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I was sharing files with a coworker on a Linux server, and he added some new files. Now we've moved the files somewhere else, so I'd like to remove the old files. However, when my coworker added his files, the software we used made new subdirectories owned by his account, and I can't find quite the right command to remove them.

$ ls -a
total 20
drwxrwxr-x 5 markpasc markpasc 4096 Sep 20 09:48 ./
drwxrwxr-x 3 markpasc markpasc 4096 Sep 20 09:48 ../
drwxr-xr-x 2 coworker coworker 4096 Sep 16 14:07 82/
drwxr-xr-x 2 coworker coworker 4096 Sep 16 14:07 c4/

I tried:

$ rm -rf 82
rm: cannot remove `82/b7fc78bc548537f3ea235026b7322fe3bea91f': Permission denied
$ rm -f 82/b7fc78bc548537f3ea235026b7322fe3bea91f
rm: cannot remove `82/b7fc78bc548537f3ea235026b7322fe3bea91f': Permission denied
$ rmdir 82/
rmdir: 82/: Directory not empty
$

I know that normally I can remove a file someone else owns from my directory:

$ ls -a
total 8
drwxrwxr-x  2 markpasc markpasc 4096 Sep 20 10:13 ./
drwxr-xr-x 24 markpasc markpasc 4096 Sep 20 10:13 ../
-rw-rw-r--  1 someuser someuser    0 Sep 20 10:13 file
$ rm file
rm: remove write-protected regular empty file `file'? y
$ ls file
ls: file: No such file or directory
$

Is there a way to remove these directories myself, or does my coworker (or root) have to remove them?

share|improve this question
1  
you probably should ask the root –  Nathan Fellman Sep 20 '10 at 17:31
    
Thanks! I asked my coworker and he helped me remove them, but I wondered if there was some other way I missed. –  markpasc Sep 20 '10 at 17:48
    
No, only root may overcome account limitations. –  harrymc Sep 20 '10 at 18:11

1 Answer 1

up vote 1 down vote accepted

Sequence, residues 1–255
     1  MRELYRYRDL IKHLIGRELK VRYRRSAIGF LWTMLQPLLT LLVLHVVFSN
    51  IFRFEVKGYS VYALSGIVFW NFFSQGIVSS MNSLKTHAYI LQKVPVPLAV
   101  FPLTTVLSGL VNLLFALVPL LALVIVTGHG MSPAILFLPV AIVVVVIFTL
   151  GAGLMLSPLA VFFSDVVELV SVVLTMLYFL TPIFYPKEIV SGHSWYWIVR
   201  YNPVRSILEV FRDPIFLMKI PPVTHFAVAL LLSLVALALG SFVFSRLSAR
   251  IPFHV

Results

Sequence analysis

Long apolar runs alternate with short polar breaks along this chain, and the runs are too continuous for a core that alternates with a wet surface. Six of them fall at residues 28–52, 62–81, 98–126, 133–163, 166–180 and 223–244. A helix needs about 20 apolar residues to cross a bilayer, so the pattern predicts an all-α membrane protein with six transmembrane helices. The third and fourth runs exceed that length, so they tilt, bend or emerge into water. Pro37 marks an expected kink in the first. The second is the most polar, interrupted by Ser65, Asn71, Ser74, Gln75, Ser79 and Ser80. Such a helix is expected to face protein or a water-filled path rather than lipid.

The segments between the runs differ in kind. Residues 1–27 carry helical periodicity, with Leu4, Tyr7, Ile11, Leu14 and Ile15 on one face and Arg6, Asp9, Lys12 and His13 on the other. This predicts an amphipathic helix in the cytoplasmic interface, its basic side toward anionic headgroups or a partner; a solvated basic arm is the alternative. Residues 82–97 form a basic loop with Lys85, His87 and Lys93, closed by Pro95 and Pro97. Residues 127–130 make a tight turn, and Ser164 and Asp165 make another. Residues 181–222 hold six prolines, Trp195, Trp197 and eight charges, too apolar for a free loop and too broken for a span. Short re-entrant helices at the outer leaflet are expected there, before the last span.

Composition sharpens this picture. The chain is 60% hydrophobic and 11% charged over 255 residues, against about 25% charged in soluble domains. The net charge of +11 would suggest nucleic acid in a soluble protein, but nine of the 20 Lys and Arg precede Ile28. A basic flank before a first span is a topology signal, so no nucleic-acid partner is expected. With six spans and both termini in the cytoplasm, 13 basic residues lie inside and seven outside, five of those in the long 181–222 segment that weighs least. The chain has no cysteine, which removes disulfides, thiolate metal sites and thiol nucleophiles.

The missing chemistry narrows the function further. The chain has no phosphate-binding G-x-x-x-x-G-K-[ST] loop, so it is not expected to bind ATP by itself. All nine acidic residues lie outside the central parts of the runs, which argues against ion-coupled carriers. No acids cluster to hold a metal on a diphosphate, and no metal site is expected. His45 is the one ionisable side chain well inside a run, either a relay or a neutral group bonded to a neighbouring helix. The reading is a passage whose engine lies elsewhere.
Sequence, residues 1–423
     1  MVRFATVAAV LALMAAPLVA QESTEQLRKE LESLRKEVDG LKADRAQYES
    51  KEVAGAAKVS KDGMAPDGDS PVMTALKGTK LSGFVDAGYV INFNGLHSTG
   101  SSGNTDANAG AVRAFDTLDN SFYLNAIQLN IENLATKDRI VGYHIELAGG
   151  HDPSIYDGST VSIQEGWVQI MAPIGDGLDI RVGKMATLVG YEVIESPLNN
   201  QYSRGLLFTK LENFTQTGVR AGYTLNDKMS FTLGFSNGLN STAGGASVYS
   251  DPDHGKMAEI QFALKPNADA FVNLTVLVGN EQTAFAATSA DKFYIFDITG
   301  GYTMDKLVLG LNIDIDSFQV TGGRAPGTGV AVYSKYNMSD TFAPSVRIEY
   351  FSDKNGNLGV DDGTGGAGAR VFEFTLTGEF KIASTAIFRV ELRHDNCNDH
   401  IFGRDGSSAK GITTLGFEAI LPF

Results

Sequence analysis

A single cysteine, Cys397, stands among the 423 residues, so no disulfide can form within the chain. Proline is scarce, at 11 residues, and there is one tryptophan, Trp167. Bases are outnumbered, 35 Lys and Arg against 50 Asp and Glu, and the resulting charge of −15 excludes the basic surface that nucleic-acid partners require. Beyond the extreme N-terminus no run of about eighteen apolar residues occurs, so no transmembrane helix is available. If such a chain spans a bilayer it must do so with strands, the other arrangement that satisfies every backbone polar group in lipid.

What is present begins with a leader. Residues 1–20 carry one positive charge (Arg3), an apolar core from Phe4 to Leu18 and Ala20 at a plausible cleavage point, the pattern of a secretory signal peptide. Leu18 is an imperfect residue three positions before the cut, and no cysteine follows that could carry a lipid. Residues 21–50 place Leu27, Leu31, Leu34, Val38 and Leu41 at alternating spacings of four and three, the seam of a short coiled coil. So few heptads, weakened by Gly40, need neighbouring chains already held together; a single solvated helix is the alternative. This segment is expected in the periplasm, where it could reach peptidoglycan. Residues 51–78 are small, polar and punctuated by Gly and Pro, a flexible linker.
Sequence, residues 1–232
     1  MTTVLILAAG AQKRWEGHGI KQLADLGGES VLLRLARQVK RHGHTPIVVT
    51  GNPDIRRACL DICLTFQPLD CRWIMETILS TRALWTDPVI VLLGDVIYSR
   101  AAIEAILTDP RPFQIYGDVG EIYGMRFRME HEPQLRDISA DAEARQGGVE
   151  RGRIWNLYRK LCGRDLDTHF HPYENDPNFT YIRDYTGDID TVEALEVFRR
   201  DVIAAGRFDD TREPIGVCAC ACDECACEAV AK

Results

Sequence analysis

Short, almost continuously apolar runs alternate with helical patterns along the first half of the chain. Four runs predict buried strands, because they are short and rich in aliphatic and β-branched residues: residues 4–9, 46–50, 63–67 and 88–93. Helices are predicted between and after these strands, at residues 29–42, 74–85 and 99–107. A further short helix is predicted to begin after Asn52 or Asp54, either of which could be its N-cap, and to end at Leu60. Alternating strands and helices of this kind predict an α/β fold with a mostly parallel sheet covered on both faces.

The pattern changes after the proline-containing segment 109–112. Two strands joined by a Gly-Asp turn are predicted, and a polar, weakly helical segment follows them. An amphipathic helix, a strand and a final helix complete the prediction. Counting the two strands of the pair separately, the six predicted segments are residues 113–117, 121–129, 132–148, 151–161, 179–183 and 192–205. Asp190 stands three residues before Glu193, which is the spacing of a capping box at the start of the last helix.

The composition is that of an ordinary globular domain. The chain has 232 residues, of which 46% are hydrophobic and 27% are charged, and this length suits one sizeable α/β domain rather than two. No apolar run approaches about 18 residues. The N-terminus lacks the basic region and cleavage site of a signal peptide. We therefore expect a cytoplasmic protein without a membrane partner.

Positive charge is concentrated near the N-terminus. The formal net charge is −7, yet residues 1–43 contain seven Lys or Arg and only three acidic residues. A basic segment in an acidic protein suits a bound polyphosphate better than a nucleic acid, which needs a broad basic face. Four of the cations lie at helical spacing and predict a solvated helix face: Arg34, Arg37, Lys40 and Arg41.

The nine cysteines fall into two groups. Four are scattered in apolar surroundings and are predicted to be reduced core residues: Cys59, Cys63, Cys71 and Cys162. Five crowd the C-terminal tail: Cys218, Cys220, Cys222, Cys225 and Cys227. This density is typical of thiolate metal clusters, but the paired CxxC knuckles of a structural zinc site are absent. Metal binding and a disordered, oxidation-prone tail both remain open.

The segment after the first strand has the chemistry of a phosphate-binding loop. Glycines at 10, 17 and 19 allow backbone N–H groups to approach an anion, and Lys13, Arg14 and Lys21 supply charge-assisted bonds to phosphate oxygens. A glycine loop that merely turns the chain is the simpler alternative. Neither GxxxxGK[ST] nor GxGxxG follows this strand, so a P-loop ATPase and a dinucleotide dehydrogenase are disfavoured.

To remove an empty directory, you need two things: write access to the parent directory, and for that directory to be empty. So your coworker, or root, has to cooperate. This is a limitation of the unix permission model.

For better workflow when a directory tree is writable by more than one user, you can use access control lists (if supported) or setgid directories.

  • With ACLs, give write access to the directory to whoever should have it, and set the default ACL to also give write access, so that newly created files and subdirectories will inherit the desired permissions. Users can override those defaults, but as long as they cooperate passively, the permissions will be fine.

    setfacl -m user:coworker:rwx .
    setfacl -d -m user:coworker:rwx .
    
  • If you don't have ACLs, you can give write access to a group, and set the setgid bit on the directory. This causes newly created files and subdirectories to belong to the group in question, rather than the default group of the creating process. However it's still up to the users to give group write permission to the new files and directories (this happens automatically only if they have umask 002).

    chgrp mygroup .
    chmod g+ws .
    

You might be interested in this thread about why things work that way.

share|improve this answer
    
Awesome answer. Thanks! –  markpasc Oct 5 '10 at 0:23

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